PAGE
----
78810 - Real Time Systems for Automation M

Course Unit Page


This teaching activity contributes to the achievement of the Sustainable Development Goals of the UN 2030 Agenda.

Quality education

Academic Year 2019/2020

Learning outcomes

The course covers the fundamentals of modern real-time operating systems. Arguments that are addressed in the course are architecture, organization, and functionalities of modern operating systems, task management and resource allocation, mechanisms and tools for synchronisation and concurrent programming, characteristics of real-time operating systems and main scheduling algorithms for hard real-time periodic processes. A part of the course is also devoted to supervised lab activity, with a focus on Linux and RTAI. At the end of the course students master all the fundamental aspect of informatics that are instrumental for the design and control of automatic systems.

Course contents


This page contains information about two different courses:

  • 78810 - Real Time Systems for Automation M for the Master's degree in Automation Engineering (RTSA)
  • 85728 - Real-Time OS M for the Master's degree in Advanced Automotive Electronic Engineering (RTOS)

RTSA is a12-CFU stand-alone course, consisting of lectures, exercises and lab sessions (120 hours).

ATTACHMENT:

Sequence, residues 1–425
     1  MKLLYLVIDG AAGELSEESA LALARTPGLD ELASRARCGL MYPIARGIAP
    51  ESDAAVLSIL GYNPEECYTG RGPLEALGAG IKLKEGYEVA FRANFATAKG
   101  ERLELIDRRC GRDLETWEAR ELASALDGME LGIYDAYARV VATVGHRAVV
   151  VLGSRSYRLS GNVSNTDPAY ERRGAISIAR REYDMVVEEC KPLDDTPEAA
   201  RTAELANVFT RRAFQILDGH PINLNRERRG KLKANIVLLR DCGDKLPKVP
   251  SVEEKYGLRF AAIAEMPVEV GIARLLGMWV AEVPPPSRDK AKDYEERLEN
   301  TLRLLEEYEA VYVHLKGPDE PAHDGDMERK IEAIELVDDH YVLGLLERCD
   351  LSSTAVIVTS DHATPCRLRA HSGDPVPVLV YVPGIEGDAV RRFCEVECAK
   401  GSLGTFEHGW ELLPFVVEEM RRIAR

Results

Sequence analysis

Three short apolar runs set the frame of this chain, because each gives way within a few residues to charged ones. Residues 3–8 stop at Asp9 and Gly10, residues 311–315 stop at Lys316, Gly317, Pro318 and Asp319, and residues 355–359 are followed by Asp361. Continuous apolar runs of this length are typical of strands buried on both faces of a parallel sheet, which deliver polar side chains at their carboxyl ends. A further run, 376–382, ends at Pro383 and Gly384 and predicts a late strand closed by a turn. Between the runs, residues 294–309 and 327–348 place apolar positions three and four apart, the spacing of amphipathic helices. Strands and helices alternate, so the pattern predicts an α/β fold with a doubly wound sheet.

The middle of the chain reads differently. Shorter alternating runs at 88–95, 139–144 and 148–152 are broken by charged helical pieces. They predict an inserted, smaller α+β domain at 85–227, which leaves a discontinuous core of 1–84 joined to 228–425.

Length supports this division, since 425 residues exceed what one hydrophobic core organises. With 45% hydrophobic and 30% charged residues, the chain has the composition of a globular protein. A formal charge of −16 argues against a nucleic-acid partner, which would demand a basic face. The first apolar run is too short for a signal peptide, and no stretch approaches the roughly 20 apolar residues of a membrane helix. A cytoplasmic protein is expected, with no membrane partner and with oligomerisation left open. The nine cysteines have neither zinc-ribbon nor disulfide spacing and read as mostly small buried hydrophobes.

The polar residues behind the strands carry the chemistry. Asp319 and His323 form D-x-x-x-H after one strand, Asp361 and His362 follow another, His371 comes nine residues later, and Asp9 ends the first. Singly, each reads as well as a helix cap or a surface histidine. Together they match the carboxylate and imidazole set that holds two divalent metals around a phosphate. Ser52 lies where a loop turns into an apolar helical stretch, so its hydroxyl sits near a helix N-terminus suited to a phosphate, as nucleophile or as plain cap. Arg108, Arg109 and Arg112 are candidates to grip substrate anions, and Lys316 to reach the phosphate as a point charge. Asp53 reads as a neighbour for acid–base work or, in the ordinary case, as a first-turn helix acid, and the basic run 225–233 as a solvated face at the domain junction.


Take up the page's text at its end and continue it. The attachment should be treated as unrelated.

RTOS is a 6-CFU series of lectures and exercises (60 hours), which does not include any lab, and is half of a 12 CFU integrated course called HARDWARE-SOFTWARE DESIGN OF EMBEDDED SYSTEMS M I.C. The other half is called Architectures and Firmware and is held in spring by Luca Benini.

RTSA is held by Paolo Torroni and is organized in three modules:

  • Modulo 1 - Operating systems lectures/exercises and lab (fall, 78 hours)
  • Modulo 2 - Real Time lab (spring, 12 hours)
  • Modulo 3 - Real Time lectures/exercises (spring, 30 hours)

RTOS is held by two different lecturers and is organized in two modules:

  • Modulo 2 - Operating systems lectures/exercises (Marco Prandini, fall, 30 hours)
  • Modulo 1 - Real Time lectures/exercises (Paolo Torroni, spring, 30 hours)

RTSA/Modulo 3 concides with RTOS/Modulo 1.


Operating Systems (RTSA/Modulo 1)

Overview and system structures. Processes and threads. Scheduling. Memory management. I/O systems.

Basics of Concurrent Programming (RTSA/Modulo 1)

Process synchronisation and deadlocks. Software tools. Resource manager design and implementation.

Hard Real-Time Task Scheduling (RTSA/Modulo 3 = RTOS/Modulo 1)